Retirees: 2 Ways to Beat Inflation This Year

BMO Canadian High Dividend Covered Call ETF (TSX:ZWC) and SPDR Gold Trust (NYSEARCA:GLD) could be top inflation fighters in 2022.

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There’s no question that it’s hard to beat such high levels of inflation, but it is possible. Most notably, high-yield stocks with reasonable multiples are an intriguing place to hide. That said, retirees shouldn’t feel the need to boost their risk tolerances drastically. In this piece, we’ll look at two passive options to diversify one’s portfolio into fairly conservative investments that can provide some protection from broader market volatility alongside passive income that can help one stay ahead of inflation or, at the very least, minimize the blow.

I have no idea where inflation is headed this year. Could it peak? Sure, but it could also stick around, especially if Omicron or some other COVID variant of concern causes the Fed to take a dovish step backward. Still, hyperinflation is highly unlikely. So, don’t feel the need to panic. Rather, insist on getting paid a nice dividend or distribution for your time invested in a stock or fund.

In this piece, we’ll look at BMO Canadian High Dividend Covered Call ETF (TSX:ZWC) and SPDR Gold Trust (NYSEARCA:GLD) — two ways to keep your portfolio’s defences up once inflation is ready to strike once again in 2022.


The ZWC is arguably one of the most intriguing retiree-friendly options in the ETF space today. It offers a jaw-dropping yield of 6.3% at writing. And yes, it’s a safe payout. The fund’s objective is not only to have high yielders, but high yielders with secure and growthy dividends. Further, value traps with sky-high payouts are excluded. The ETF has a good mix of the large-cap Canadian stocks we all know and love, ranging across sectors. Financials, energy (especially pipelines), and telecom make a decent chunk of the pie.

Though the 0.72% MER is a tad on the high side for an ETF, I find the fee to be worthwhile, given management is also writing covered-call options against names owned in the fund. By doing such, the fund is able to pay a larger distribution from the premium income gained from the writing of such options. Still, covered calls are no free lunch. Premium income comes at the cost of capital upside. And the higher fee reflects the extra labour involved in the writing of such covered calls. For retirees, the trade-off is worthwhile. Heck, the trade-off may be worthwhile for any investor, given the muted expectations for 2022 and the downside risks moving forward.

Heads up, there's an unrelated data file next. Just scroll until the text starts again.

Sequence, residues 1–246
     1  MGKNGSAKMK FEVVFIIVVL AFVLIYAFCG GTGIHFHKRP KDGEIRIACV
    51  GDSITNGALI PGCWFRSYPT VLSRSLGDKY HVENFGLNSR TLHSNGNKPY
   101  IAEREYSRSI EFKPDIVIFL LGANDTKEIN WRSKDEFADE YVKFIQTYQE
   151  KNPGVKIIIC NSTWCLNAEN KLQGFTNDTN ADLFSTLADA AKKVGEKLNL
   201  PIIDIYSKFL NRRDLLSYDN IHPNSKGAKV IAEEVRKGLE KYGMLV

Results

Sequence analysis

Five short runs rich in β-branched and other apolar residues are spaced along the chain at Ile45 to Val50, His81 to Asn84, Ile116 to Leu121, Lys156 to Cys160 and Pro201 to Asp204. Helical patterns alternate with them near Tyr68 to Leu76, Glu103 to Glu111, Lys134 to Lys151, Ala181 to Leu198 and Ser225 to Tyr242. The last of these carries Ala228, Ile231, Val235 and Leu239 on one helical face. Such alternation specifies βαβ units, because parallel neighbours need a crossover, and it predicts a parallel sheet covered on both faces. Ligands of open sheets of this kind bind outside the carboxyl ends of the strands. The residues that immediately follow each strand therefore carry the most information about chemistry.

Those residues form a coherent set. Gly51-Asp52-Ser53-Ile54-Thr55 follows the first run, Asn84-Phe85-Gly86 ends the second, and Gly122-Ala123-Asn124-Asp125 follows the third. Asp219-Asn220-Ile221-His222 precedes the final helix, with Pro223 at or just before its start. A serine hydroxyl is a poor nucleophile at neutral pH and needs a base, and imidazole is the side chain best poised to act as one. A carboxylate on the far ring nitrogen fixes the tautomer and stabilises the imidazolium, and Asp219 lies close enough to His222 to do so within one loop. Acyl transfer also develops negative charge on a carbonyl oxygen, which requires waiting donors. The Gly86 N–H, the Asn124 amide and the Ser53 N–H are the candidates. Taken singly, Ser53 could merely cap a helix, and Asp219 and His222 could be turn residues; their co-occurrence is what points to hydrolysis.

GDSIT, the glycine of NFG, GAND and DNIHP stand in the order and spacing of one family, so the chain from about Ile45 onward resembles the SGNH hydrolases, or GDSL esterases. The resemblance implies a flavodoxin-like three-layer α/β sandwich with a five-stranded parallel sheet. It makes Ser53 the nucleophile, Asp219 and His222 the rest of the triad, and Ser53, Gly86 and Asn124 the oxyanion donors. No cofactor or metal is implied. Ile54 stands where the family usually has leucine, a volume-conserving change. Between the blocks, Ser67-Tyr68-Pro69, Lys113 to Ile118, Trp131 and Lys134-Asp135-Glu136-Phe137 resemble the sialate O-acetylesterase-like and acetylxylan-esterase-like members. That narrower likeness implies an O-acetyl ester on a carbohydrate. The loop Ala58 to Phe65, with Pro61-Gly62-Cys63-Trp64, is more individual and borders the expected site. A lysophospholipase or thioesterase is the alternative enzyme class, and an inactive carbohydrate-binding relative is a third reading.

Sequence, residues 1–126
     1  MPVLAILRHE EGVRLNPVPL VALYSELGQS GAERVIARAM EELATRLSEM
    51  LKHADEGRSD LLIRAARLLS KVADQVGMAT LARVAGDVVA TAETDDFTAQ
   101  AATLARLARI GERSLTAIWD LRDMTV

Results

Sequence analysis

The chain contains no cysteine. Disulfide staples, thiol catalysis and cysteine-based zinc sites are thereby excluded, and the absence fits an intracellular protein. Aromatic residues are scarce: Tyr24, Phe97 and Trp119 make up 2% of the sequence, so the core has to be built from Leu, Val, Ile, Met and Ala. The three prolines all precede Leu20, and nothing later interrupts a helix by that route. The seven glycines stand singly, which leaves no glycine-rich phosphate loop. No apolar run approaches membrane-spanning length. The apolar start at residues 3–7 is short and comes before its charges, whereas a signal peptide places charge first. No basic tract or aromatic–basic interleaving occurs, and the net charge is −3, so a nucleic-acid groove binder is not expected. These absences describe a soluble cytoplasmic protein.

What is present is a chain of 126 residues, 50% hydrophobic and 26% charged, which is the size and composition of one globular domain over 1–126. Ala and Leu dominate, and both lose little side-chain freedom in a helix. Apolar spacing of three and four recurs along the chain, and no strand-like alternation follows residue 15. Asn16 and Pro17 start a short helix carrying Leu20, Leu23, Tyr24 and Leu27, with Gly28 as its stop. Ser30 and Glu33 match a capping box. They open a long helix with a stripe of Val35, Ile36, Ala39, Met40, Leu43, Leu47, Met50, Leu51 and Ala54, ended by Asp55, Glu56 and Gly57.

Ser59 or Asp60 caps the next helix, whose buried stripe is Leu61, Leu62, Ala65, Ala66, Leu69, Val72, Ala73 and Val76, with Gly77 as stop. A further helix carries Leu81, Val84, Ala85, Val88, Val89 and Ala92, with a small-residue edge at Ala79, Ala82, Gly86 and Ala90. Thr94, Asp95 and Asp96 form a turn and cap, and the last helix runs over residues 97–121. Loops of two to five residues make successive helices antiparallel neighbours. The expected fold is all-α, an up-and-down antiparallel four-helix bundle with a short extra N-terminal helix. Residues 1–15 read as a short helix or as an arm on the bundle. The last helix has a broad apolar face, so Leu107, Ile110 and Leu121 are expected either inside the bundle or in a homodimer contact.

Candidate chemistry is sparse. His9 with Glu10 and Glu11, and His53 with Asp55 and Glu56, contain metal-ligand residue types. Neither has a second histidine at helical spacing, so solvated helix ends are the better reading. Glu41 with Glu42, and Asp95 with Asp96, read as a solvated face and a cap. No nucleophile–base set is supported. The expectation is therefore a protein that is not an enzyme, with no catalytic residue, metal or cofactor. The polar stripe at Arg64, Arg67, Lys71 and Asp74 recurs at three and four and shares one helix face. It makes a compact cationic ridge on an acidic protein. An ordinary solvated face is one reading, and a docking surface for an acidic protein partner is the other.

In a rocky environment, the ZWC is a brilliant way to take the value and high-yield side of the trade.


Finally, we have the GLD, which is one of the most popular ways to expose yourself to the spot price of gold. Indeed, bullion and ETFs like GLD are far less volatile than both broader markets and the gold miners, making them intriguing options for retirees who want to fight off persistent inflation. The GLD is a U.S. ETF that I prefer over the Canadian ones, primarily due to its higher liquidity and its very reasonable MER of 0.4%.

As inflation spikes, gold could gain its lustre again. Indeed, 2022 could be the year that gold really shines. Although miners could have more upside, I’d argue that retirees can sleep easier at night knowing they’re not in a play that’s more leveraged to the spot price of a commodity. Indeed, leverage works both ways! And when playing it safe, it’s best to play the less volatile asset in case your forecast doesn’t go the way you’re expecting. In any case, gold is a nice inflation fighter at a compelling entry point after a year of weak performance.

This article represents the opinion of the writer, who may disagree with the “official” recommendation position of a Motley Fool premium service or advisor. We’re Motley! Questioning an investing thesis — even one of our own — helps us all think critically about investing and make decisions that help us become smarter, happier, and richer, so we sometimes publish articles that may not be in line with recommendations, rankings or other content.

Fool contributor Joey Frenette owns SPDR Gold Trust. The Motley Fool has no position in any of the stocks mentioned.

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